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When I was first learning to love reading, I stumbled upon the book TO KILL A MOCKINGBIRD. As I was reading about Scout and her experiences, I realized that the world needs people who are not afraid to stand up and state their opinions. I decided I wanted to be like Atticus Finch or Scout in that I wanted to look for truth and talk about it. But how could I find truths and figure out what to actually stand up for and say? For that I turned to reading.

By reading books I learned about other people, cultures, ideas, and thoughts. I was able to see different perspectives and decipher reasons as to why people or characters did what they did. By devouring books—both fiction and nonfiction—I learned about thought process, consequences, and influence. I didn’t become an expert at stating my opinions right away. One of the best ways I developed this skill was by practicing talking about the books I was reading. I did this in book clubs, with friends or family members, or in class discussions at school. The more that I talked about character’s actions or motivations the better I was at discerning my own actions and motivations, which in turn helped me become better at stating my own opinions on various topics. As I read I began to see what type of person I wanted to become—how to react in certain situations or how to step back and see a broader perspective when I feel a certain way. The more I read and talked about books the better I became at not only discovering myself but showing who I wanted to be to the world. Reading helped me not only discover who I wanted to be but it also helped me share my truth with the world.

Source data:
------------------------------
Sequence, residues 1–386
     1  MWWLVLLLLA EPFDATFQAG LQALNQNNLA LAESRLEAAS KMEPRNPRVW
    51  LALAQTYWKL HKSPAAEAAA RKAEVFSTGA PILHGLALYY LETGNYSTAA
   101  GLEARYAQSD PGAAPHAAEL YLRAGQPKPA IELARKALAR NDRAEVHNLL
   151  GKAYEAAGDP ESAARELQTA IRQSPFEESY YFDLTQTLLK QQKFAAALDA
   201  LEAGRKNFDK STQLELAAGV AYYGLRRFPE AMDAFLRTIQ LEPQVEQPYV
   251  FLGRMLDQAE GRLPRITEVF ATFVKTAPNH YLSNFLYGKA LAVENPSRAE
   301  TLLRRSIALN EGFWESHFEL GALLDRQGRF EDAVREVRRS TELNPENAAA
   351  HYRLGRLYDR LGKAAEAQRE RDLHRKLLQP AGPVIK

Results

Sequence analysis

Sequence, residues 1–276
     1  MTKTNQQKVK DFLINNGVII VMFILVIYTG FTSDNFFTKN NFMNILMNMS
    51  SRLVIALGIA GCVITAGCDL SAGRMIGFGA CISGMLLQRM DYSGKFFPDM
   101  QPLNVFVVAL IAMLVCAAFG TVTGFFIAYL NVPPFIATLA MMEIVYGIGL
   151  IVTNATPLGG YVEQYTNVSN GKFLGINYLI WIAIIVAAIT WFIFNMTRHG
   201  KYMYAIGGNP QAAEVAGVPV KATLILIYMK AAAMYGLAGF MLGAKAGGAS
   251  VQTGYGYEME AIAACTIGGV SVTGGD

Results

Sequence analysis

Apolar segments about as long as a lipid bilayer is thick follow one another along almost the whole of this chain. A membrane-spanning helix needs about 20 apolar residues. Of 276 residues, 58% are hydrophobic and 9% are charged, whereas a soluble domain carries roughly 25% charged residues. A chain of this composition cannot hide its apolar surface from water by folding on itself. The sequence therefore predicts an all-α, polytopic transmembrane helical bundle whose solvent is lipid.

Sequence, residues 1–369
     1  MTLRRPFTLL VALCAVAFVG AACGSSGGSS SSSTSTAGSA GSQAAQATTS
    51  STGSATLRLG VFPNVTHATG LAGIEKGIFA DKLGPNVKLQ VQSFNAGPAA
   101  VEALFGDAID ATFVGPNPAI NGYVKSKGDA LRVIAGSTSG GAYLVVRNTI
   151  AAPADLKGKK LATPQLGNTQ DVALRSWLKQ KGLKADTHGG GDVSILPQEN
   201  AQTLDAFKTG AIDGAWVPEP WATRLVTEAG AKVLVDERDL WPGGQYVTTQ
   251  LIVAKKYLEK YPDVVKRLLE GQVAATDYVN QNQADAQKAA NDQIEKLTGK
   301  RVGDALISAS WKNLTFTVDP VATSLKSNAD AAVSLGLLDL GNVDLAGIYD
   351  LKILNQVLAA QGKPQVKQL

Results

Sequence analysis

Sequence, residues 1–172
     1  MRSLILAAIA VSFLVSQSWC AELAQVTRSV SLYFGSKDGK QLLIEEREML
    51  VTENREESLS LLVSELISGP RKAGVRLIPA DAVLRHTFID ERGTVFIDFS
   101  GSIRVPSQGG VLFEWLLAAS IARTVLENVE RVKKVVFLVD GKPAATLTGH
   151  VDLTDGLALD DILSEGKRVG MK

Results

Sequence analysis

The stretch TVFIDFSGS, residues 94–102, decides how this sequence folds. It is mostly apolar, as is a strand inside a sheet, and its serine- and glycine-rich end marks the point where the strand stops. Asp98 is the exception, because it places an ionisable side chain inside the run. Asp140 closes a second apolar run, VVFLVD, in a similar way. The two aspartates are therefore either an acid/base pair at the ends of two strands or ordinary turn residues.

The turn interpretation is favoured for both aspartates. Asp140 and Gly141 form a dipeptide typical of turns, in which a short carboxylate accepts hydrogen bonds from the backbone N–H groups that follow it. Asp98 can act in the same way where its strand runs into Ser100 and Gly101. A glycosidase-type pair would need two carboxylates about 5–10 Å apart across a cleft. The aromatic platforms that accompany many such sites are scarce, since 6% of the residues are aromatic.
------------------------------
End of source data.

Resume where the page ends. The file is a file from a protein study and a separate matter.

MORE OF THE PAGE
The Provo City Library has something to facilitate this journey of discovery and insight—to help people learn how to stand up and state their opinions: We have a collection of book club sets. In this collection, you can check out 15 copies of a book and a discussion guide to help you get going. When people read and talk about books, they discover that they too are leaders—Because Readers are Leaders.

tech savvy

Sometimes I feel like I bridge some interesting gaps in my marriage. My husband, a lover of all things technological, has fully moved into the 21st century and never looked back. While I try to join him in this brave new world, occasionally I fall behind and he likes to tease me for still belonging to the age of analog. Why buy sticky notes when you can just create a task list on your phone? Why are we keeping the kids’ school papers in binders when we can just save them to the cloud? Why are we turning on the lights with switches like animals when we could just get Alexa?